“I'm starting to wonder if pop culture is in its dying days because everyone is able to customize their own lives with the images they want to see and the words they want to read and the music they listen to. You don't have the broader trends like you used to.” Douglas Coupland
Last week was my husband’s 60th birthday. We decided to celebrate it by going out to dinner with our best friends. We are about the same age and the conversation was about anything and everything. What struck me was that because we are the same age, we all remember the same things. Because of that, we didn’t have to explain a particular television show or band. We knew it just by mentioning the name and the story went from there. What fun it is to spend an evening with people who get you – just because you grew up at the same time.
My generation lived the life of the kids on That 70’s Show. Houses were decorated with avocado and mustard. Unless the house had original hardwood floors, linoleum and shag carpet covered the floors. Honestly, it was hideous. The four of us grew up and raised our families in different areas of the country, but the backdrop of television, music, news events, and the overall parenting strategy that our parents had brought us together.
I call my generation (and likely those before can say the same thing), the “you’ll live generation.”
Meaning that no matter what happened to you, you were told: “you’ll live- go out and play.” I kid you not, I was visiting relatives in Kentucky with my Dad when I was six and broke my leg in three places and they didn’t take me to the doctor for two days. We all have stories like that. We were certainly not a coddled generation.
We all remembered the oil embargo in the 1970's. Our friend’s father owned an ice rink that held on financially, but it was tough. We all got our driver’s license just after gas doubled. We all grew up watching the Twilight Zone. We remembered when Burgess Meredith stepped on his glasses thinking that he had “All the time in the World” to read and how crushing it was when we watched it the first time. We all remembered Laugh In but may have been too young to completely get it. We remembered Lilly Tomlin as Ernestine as the telephone operator and Edith Ann in her huge rocking chair. We remembered the constant references to the Vietnam War. We were too young to understand, but it was always out there – hanging over our heads as a worry.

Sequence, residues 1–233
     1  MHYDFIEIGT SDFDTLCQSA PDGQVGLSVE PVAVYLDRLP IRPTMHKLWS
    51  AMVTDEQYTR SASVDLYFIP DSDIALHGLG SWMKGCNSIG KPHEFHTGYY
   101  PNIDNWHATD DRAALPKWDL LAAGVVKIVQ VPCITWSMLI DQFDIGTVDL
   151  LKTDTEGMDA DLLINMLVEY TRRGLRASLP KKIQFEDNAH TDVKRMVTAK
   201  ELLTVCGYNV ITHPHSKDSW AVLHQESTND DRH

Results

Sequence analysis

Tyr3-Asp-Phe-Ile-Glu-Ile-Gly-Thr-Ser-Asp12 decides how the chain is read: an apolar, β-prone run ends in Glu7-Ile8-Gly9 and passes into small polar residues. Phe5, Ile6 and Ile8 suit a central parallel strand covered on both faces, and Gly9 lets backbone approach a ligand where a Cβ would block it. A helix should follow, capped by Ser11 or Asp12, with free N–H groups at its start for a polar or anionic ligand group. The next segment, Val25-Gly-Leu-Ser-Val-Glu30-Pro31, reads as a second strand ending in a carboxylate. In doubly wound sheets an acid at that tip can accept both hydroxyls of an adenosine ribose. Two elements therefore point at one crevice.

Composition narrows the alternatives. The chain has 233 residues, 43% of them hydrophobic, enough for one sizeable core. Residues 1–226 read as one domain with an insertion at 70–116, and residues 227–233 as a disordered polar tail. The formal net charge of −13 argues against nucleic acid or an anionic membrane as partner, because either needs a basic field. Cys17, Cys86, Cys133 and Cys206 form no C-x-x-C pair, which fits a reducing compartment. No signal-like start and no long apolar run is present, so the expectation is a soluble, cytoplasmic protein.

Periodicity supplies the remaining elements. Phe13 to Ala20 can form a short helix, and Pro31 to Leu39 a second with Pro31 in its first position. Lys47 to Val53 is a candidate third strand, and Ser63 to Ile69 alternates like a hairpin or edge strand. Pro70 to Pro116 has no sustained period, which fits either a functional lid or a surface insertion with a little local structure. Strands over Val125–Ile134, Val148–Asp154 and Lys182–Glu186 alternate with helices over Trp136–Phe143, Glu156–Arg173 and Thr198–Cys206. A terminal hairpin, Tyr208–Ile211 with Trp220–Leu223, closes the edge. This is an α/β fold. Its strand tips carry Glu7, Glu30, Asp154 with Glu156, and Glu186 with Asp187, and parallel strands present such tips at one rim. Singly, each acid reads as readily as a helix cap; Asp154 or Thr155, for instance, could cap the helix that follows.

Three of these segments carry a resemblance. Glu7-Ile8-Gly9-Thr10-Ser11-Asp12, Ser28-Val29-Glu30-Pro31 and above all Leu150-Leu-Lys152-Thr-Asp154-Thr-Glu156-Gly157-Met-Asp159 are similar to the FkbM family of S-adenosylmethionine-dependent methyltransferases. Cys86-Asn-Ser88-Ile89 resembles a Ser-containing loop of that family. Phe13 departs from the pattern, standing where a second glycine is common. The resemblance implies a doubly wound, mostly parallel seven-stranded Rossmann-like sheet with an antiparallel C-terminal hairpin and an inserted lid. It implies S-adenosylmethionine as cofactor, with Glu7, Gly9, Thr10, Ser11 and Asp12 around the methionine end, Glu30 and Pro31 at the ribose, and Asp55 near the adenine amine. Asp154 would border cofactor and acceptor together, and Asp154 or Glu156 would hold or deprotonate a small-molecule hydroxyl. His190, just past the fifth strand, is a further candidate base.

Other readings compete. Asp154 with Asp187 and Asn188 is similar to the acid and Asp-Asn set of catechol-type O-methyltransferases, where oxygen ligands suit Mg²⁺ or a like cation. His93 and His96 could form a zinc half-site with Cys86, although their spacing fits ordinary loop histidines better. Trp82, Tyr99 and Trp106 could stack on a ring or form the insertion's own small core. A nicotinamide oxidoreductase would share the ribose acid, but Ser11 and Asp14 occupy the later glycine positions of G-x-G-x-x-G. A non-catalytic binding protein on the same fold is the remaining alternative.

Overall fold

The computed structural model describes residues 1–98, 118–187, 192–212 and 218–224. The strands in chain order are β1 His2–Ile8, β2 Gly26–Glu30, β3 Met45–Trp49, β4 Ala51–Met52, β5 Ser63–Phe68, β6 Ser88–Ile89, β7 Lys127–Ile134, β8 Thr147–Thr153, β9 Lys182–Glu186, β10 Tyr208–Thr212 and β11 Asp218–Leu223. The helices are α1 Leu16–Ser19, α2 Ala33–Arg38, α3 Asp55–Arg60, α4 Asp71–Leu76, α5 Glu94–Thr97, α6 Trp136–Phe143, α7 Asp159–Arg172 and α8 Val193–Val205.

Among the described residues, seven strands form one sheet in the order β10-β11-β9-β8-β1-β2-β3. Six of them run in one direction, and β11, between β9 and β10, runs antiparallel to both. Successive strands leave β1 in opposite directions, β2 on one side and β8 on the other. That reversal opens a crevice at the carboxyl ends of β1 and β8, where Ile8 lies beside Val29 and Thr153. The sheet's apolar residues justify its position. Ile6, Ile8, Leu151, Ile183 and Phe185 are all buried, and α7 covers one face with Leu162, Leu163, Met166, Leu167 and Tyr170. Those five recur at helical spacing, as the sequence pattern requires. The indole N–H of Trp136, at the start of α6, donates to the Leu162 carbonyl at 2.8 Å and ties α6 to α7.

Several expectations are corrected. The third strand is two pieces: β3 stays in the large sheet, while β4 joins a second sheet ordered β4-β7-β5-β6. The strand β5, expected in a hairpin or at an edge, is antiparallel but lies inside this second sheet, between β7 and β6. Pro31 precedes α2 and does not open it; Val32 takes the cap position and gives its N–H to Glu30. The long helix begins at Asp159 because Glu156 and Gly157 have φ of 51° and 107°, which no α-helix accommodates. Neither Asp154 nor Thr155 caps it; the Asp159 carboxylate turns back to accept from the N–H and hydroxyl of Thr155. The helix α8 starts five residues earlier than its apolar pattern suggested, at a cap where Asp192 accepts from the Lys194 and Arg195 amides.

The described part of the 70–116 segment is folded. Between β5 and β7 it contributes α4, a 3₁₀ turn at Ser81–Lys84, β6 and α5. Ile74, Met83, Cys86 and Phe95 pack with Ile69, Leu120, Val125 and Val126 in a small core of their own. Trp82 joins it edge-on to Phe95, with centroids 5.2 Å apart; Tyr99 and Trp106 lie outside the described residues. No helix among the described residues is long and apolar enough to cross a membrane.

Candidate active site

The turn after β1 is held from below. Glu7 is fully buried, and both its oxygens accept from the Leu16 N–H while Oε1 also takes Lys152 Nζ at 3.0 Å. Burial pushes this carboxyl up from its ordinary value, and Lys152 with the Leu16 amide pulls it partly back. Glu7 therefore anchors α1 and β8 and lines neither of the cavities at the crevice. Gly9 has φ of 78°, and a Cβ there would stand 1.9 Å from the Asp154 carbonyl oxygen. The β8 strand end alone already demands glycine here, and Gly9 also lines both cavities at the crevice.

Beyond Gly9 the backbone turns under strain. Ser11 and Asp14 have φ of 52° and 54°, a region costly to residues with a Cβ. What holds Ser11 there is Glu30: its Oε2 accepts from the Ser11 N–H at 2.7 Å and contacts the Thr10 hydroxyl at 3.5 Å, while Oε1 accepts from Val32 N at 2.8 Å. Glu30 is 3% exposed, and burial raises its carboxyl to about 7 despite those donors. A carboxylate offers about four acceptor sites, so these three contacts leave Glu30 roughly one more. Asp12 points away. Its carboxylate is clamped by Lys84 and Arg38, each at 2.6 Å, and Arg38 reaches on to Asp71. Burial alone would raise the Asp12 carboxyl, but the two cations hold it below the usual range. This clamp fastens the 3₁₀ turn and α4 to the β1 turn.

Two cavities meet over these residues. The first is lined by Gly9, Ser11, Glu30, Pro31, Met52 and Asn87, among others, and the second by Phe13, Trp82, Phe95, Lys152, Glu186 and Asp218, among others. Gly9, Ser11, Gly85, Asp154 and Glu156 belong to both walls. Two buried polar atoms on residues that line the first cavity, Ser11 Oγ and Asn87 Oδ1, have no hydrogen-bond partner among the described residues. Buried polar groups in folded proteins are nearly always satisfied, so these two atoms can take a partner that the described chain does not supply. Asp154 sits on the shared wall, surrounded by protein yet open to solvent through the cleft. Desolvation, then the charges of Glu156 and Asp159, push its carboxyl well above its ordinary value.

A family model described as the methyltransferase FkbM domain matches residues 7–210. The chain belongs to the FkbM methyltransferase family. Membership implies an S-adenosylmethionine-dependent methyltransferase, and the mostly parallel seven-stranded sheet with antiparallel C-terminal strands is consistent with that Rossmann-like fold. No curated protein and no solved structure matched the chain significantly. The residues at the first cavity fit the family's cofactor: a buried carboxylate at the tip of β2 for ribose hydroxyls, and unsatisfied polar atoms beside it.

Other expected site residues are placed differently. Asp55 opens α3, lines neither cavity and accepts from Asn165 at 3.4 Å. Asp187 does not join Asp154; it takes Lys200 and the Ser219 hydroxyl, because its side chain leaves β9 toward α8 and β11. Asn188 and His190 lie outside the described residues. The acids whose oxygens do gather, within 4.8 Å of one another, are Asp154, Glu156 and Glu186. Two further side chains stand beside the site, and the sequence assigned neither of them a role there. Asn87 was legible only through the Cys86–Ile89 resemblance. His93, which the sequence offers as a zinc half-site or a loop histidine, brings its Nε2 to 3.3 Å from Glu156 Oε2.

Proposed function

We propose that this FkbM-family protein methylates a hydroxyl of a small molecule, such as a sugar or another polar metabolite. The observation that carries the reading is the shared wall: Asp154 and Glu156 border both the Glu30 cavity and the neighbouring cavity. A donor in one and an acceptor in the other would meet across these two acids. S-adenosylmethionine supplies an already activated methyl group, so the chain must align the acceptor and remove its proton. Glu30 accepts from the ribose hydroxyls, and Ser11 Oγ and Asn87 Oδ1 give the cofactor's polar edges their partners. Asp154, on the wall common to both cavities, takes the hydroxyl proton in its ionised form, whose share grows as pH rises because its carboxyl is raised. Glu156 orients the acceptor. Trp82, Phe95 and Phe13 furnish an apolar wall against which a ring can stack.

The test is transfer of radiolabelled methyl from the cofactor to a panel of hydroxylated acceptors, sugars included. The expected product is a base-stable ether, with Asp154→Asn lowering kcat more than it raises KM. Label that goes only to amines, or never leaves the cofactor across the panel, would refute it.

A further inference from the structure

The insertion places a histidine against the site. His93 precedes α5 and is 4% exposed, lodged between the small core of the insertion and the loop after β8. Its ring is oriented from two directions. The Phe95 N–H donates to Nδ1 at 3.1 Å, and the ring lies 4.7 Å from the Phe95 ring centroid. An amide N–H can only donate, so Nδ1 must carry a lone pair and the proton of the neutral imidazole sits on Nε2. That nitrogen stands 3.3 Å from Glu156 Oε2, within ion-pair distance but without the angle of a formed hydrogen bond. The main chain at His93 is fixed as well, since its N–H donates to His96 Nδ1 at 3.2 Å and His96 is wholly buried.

We all grew up with Gilligan’s Island reruns, The Brady Bunch, The Carol Burnett Show, All in the Family, MASH, Barney Miller, and the Sonny and Cher Show. All those late 60’s and 70’s songs that you hear in the grocery store were the soundtrack of our lives. We were in our teens when Disco took over and I am sure we still remember the steps to a dance called the Hustle. We all wore bell-bottom jeans in the 70’s and thought we were cool. We ladies parted our hair in the middle in the 70’s and wished for Farrah Fawcett’s hair. We spent a lot of time at roller rinks.
I wonder what kids who are growing up today will remember when they sit in a restaurant in 40 years with friends their own age. We only had four television channels - not streaming entertainment or 24/7 news. We had the radio and record players and had to buy either a 45 or the entire album. We couldn’t pick and choose and create playlists. We had to go the theatre (often the drive-in) to see movies. I do wonder if kids growing up today who have so many choices will have those same touchstones. I wonder if they too will have a shared soundtrack in the background as they too just tried to grow up.
By Theressa Harrigan